Friday, April 12, 2013

100 Miles, One Day

Last weekend I finished the Umstead 100-Mile Endurance Run. My time was 23:56. That's 100 miles in less than one day! Average pace was 14:22 per mile. I managed to place 80th out of 263 starters. Not bad for a 47 year old guy. It was my ultimate goal to finish a 100 in sub-24 and it feels great to have achieved that "gold standard" for ultras. When I crossed the finish line with only 4 minutes to spare, I collapsed at the timing table. The timing folks removed my ankle chip and handed me the "100 Miles, One Day" belt buckle. I was the last sub-24 hour finisher that day. For some reason, that made me feel even better. As I walked to the lodge, I couldn't help to feel sorry for all those runners that still had 6 more hours to run (the race ended at Noon, with a 30-hour time limit). I could barely stumble to my drop bag. No way I was running another step. I gave all I had and it was just enough.

Arriving at aid station 2.
Not sure where to start this race report. The weather was awesome--low of 40 at the 6am Saturday start, high around 65 with sun, then a low of about 38 early Sunday morning. No rain and only light breezes all day and night. Pretty close to perfect. I would have preferred a little cooler daytime temperatures, and some clouds, but there was nothing to complain about all day or night. The trail was in great shape. It rained Thursday into Friday morning, but there was no mud or puddles on the course. The hard-packed dirt/gravel surface drains extremely well. It was nice not having to worry about roots or rocks too--this course is very smooth and wide. Even at night, you could basically run without paying attention and not trip. In fact, my first night loop was done with no light for about 95% of the time. The only "obstacles" on the course were the hills. This race has lots of rolling hills! It never seemed flat. Umstead is certainly not a mountain race, but it's hillier than I thought. And a lot hillier than central Illinois.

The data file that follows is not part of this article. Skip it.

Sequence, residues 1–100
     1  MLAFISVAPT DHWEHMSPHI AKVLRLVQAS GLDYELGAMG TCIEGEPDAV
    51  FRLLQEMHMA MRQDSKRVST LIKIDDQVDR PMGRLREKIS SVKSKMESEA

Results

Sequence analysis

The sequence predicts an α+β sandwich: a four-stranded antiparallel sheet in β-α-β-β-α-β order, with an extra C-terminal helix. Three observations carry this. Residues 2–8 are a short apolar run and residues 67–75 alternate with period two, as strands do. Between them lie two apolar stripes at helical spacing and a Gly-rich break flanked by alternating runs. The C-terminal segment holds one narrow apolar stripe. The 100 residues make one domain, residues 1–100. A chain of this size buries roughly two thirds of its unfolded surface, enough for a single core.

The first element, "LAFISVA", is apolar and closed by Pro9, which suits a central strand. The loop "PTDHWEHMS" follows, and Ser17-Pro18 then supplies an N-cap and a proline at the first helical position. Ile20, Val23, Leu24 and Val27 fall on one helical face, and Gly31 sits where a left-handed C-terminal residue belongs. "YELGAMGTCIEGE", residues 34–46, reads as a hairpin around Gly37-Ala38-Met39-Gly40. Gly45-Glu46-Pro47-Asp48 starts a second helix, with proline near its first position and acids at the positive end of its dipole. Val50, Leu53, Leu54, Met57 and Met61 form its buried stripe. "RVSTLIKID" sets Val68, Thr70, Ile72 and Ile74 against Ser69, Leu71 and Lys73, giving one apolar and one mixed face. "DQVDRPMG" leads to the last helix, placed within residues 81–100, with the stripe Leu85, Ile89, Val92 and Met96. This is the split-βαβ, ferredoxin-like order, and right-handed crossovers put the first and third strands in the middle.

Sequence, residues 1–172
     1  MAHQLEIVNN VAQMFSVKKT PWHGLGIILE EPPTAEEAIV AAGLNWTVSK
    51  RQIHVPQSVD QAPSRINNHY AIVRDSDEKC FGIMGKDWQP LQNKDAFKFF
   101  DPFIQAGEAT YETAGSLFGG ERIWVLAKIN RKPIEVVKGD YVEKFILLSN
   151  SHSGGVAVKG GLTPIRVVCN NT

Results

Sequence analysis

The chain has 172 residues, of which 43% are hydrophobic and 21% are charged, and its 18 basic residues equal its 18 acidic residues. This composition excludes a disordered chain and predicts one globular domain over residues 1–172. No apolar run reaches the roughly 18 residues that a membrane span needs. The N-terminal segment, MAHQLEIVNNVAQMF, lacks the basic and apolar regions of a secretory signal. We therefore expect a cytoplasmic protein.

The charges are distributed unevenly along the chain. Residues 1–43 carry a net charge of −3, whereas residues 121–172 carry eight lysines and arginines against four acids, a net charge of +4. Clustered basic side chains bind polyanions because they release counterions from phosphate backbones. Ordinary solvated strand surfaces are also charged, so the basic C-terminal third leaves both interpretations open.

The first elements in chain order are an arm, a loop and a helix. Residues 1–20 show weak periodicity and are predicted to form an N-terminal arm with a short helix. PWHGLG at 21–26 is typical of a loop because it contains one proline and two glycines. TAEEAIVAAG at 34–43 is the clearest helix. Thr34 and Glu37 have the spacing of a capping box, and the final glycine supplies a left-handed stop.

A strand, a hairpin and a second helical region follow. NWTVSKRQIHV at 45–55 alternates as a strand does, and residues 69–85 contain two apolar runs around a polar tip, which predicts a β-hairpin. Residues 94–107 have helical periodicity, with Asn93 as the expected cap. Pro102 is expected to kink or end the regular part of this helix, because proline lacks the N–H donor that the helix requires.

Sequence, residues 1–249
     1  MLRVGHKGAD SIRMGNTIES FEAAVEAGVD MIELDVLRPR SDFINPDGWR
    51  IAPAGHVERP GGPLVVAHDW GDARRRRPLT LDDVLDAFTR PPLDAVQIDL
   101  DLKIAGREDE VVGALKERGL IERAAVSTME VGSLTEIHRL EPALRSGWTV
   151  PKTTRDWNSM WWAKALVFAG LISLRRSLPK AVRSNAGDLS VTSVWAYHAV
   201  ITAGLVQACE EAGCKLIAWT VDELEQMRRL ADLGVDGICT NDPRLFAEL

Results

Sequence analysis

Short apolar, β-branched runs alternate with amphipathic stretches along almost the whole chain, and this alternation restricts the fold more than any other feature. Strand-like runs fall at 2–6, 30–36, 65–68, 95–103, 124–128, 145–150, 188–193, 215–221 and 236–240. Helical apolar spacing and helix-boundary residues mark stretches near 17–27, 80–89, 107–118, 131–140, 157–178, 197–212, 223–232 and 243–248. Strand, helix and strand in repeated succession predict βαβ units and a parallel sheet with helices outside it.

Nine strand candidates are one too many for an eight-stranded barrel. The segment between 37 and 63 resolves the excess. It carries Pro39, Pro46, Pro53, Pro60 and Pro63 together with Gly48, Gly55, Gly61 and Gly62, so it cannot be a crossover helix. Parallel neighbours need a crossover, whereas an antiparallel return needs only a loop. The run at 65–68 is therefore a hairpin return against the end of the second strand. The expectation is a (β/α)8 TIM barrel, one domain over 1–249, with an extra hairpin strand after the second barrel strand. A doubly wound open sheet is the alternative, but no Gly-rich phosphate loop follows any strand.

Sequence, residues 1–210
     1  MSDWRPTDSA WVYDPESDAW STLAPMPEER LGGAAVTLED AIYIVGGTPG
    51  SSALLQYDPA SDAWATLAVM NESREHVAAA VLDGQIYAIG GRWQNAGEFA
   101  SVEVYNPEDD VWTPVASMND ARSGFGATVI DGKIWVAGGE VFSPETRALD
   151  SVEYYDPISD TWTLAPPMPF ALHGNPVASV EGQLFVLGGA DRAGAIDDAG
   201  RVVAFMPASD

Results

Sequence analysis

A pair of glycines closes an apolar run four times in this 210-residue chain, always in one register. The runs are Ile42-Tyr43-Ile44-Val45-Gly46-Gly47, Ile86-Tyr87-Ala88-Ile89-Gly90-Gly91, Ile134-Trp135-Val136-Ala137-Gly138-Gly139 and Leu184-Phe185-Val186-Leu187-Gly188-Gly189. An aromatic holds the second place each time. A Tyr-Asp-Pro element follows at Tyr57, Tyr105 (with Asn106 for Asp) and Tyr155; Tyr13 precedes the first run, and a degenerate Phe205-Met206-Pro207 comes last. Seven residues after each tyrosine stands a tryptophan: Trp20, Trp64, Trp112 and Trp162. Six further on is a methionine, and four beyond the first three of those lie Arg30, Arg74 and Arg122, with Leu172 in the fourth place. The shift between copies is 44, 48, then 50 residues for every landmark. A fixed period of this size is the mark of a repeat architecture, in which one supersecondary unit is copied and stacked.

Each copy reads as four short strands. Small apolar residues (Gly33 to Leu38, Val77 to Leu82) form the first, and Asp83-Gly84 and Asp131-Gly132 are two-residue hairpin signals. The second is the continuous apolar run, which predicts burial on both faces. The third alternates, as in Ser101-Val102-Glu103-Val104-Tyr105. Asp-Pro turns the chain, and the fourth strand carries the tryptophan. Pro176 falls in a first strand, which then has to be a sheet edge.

Here is my race progress for each 12.5 mile loop (full splits available here):

1 = 2:23
2 = 4:55
3 = 7:37
4 = 10:30 (50 mile split)
5 = 13:44
6 = 16:59
7 = 20:18
8 = 23:56 (100 mile finish)

I'm pleased with my consistency, except for that last loop. I hit my 50-mile split of 10:30 exactly on target. The first four loops felt smooth and easy. The race director published pace charts for a sub-24 finish and suggested a 10:30 half-way split if you wanted to finish under 24 hours. That gave me confidence. Loop 5 was very difficult. I was feeling tired and was getting achy--especially my knees. And my feet. And back. Calves were sore too. And quads hurt. Basically, I fell apart between 50 and 62 miles. It was warmer during that time too. In addition to time on my feet catching up with me, I was dehydrated and lacking calories. Picture shows me running with a guy named Mel--he was hurting too--ITB and back issues. Mel stopped at 50 miles (in the picture, I was one loop ahead of him). Fortunately, my pacers were there for the final three loops!

Me and Mel on my 5th loop, his 4th. We were hurting.
This is where I need to give credit where it is deserved. If it weren't for Sandra and Andrew (my pacers and buffalo buddies), I would not have maintained my pace and would have finished much slower than 24 hours.  I would have walked more on each loop and simply given up on the sub-24 goal. They kept me moving and kept my spirits up. It gets lonely in the middle of the night. You've been running for 75 miles, still have a marathon to go, and it's dark, cold, and dreary. You are tired, hungry, and thirsty. Even with painkillers, your body hurts. It's easy to give up and walk...or even drop out altogether. With Sandra and Andrew as company, I managed to stay positive. They reminded me to run, to eat, to drink. They chatted when I needed the distraction and stayed silent when I was focused and moving well. Thanks guys!